Having outlived the good ol' boy era, when it had a hand in every deal, houston legal giant

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The Morans allege that a major undisclosed conflict of interest in V&E's representation of the estate was the presence of Evans Attwell, then V&E's managing partner, on the board of directors of First City Bancorporation. It's a claim at which the firm has scoffed, explaining that the relationship between the bank and the law firm was very well known.

"The Morans didn't just drop off the back of a watermelon truck," laughs one former V&E partner. "Everybody knew about the ties between the bank and the firm."

Attwell says his presence on the board was public knowledge, and, in any case, First City Bancorporation was simply a holding company for First City Bank and 19 other banks, and his position allowed him no input on either loans or trust management by the Houston bank.

First City reacted to Pat Moran's proposal to remove the estate funds by cutting off his line of credit, but the transfer of half the estate funds to Texas Commerce was eventually made, shortly before the First City Bancorporation was declared insolvent in 1987. (First City Bancorporation was recapitalized in 1988 under Chicago banker Robert Abboud, but eventually failed altogether and its assets sold to other financial institutions.)

With the approval of the executors, First City earlier had brought in an executive recommended by Vinson & Elkins to run the Moran companies. He was W.J. Wooten, a friend of Attwell's and a former consultant to First City, according to Pat Moran. The Morans claim Wooten took a number of actions that damaged the family companies, including moving the Moran Corporation, the umbrella for the estate's corporate assets, into expensive new headquarters in First City Tower, where both the bank and the law firm officed.

According to court documents, Wooten awarded himself a large bonus without the approval of all the executors, and in an act hugely symbolic to Ann Moran, appropriated the use of the Moran family's coveted Astrodome box for the Houston Livestock Show and Rodeo.

"My grandfather was one of the original founders, had tickets, and the employees of our companies used them for their kids," says Ann Moran. "[Wooten] took it and crossed off my grandfather's name and wrote, 'To the account of W.J. Wooten' and he gave his home address. And that was the end of a piece of property that belonged to the employees of the Moran Corporation and my family. In that one piece of paper it says [to me]: 'We are entitled to take whatever we want from these people and do what we want with it.' And that entitlement is what you see in their behavior."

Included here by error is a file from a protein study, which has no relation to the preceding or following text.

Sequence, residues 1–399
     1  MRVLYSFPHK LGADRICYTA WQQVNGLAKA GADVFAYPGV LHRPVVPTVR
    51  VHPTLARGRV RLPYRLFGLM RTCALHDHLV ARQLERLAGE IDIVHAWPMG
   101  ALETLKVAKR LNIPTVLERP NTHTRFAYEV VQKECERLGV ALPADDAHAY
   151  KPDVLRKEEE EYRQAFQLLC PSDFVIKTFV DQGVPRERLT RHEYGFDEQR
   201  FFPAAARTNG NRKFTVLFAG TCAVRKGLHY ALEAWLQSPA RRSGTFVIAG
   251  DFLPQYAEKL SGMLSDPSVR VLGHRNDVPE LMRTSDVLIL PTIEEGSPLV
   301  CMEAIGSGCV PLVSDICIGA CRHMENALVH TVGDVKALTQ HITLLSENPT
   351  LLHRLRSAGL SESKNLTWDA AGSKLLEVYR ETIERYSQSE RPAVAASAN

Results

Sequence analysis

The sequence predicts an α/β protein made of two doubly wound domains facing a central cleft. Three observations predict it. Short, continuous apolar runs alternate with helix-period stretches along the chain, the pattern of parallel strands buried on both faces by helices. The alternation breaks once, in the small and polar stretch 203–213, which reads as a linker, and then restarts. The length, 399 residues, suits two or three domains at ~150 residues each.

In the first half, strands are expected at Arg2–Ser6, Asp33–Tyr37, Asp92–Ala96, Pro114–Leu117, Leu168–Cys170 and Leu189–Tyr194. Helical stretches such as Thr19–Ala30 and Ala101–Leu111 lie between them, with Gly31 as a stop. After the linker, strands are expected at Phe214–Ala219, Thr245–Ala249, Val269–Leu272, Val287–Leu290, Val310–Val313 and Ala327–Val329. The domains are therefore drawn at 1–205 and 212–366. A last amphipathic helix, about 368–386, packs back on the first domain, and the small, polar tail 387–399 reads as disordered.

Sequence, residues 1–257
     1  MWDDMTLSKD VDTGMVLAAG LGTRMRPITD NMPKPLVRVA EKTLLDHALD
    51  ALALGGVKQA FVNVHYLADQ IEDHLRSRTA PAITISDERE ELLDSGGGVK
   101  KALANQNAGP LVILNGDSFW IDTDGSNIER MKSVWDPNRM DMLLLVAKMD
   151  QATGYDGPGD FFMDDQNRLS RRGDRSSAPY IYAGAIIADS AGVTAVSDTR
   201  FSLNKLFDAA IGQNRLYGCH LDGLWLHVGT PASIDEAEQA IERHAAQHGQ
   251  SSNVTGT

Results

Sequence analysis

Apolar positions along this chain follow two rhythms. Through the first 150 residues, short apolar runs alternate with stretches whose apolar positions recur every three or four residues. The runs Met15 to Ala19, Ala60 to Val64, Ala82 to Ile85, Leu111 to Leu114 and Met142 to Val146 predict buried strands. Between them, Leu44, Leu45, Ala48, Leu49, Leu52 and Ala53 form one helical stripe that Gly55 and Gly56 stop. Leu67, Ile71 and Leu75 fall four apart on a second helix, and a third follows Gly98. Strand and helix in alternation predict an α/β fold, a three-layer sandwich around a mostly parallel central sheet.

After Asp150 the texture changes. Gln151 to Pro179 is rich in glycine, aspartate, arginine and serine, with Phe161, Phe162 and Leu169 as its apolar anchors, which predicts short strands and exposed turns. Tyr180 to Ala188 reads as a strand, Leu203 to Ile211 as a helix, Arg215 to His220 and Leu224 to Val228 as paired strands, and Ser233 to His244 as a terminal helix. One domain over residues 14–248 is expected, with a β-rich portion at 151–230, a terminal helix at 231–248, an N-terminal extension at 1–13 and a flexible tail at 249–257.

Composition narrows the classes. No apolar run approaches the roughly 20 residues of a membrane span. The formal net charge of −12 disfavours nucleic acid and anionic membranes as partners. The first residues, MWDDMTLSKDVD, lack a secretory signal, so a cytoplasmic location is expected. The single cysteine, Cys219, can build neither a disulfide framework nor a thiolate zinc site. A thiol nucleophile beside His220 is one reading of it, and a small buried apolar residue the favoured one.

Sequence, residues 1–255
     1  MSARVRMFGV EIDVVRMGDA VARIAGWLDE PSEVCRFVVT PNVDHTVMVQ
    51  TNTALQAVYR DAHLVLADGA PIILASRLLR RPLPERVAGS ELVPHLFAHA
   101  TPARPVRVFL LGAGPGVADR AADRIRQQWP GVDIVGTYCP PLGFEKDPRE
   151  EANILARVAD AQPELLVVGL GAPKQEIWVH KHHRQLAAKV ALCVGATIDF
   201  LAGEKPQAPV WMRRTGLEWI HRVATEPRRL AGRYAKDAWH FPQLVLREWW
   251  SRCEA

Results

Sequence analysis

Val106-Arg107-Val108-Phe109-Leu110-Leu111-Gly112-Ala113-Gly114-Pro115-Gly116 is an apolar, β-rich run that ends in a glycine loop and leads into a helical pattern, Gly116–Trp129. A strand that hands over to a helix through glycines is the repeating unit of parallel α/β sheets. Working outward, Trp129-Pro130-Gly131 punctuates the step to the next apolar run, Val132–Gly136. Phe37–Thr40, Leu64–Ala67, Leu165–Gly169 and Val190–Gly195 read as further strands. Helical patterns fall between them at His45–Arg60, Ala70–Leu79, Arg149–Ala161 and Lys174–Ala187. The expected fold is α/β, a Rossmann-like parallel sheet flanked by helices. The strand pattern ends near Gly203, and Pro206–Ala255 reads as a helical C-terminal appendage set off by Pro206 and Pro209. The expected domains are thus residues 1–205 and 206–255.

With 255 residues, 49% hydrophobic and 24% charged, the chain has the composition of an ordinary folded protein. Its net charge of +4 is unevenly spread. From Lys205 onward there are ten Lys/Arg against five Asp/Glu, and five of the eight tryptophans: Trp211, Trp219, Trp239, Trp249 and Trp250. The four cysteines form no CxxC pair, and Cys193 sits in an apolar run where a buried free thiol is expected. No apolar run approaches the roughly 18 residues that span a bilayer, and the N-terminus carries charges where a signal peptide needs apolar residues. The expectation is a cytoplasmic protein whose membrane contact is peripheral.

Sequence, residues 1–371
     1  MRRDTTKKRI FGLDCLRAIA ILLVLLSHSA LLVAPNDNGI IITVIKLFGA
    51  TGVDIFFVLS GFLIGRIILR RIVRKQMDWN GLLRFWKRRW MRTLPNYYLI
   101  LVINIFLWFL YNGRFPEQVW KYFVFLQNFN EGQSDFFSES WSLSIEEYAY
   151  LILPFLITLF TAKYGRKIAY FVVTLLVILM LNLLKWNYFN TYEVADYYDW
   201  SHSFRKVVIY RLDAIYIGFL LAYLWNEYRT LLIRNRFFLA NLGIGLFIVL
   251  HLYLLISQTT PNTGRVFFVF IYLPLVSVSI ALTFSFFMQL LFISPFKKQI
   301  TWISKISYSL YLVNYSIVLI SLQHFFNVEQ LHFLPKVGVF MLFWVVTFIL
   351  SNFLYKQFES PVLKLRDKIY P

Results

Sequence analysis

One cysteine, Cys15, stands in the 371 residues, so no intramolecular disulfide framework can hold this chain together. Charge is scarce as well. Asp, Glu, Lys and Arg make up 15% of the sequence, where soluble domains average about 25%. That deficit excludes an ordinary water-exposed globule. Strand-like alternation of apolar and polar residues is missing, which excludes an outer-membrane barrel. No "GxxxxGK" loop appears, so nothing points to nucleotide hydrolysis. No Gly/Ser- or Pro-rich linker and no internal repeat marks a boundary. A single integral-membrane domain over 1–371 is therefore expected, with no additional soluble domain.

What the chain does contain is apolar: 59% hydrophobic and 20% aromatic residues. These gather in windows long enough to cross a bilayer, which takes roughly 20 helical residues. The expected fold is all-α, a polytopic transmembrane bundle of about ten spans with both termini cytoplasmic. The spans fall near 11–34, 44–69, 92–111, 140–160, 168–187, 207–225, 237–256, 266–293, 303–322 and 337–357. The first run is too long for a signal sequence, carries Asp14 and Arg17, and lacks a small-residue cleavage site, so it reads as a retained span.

Pat Moran says both the family pipeline and the utility company steadily lost value under Wooten's management. Industry competitors began calling, he says, and inquiring why the pipeline wasn't being marketed and why a favorable gas purchase contract was allowed to expire. According to the Morans, Wooten and First City then began a push to have the estate sell Moran Utilities to Entex, which offered $6.8 million, an amount Pat Moran considered grossly under the company's market value.

His brother Bill Moran, a financial analyst, put together a counter-offer from some family members to buy Moran Utilities from the estate at a slightly higher price than what Entex had offered. When Entex made a second offer, the family again topped it. At that point, the negotiations, in which V&E represented the estate, were called off.

The Morans say they were unaware at the time that both V&E and the bank had ties to Entex. First City had made credit advances to Entex to facilitate the purchase of Moran Utilities, and Pat Moran later learned that First City Bancorporation and the V&E Lawyers Retirement Plan had a limited partnership whose purpose was to purchase Entex oil and gas properties and lease them back to Entex.

Eventually, Entex withdrew its offer for Moran Utilities.
Then, in 1988, the family began hearing disturbing rumors that Seagull Energy and a senior attorney at Vinson & Elkins had the estate's pipeline "in the bag," says Ann Moran. When she questioned First City managers about the report in a telephone conference, her worries were dismissed as "paranoia," she says.

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Tim Fleck
Contact: Tim Fleck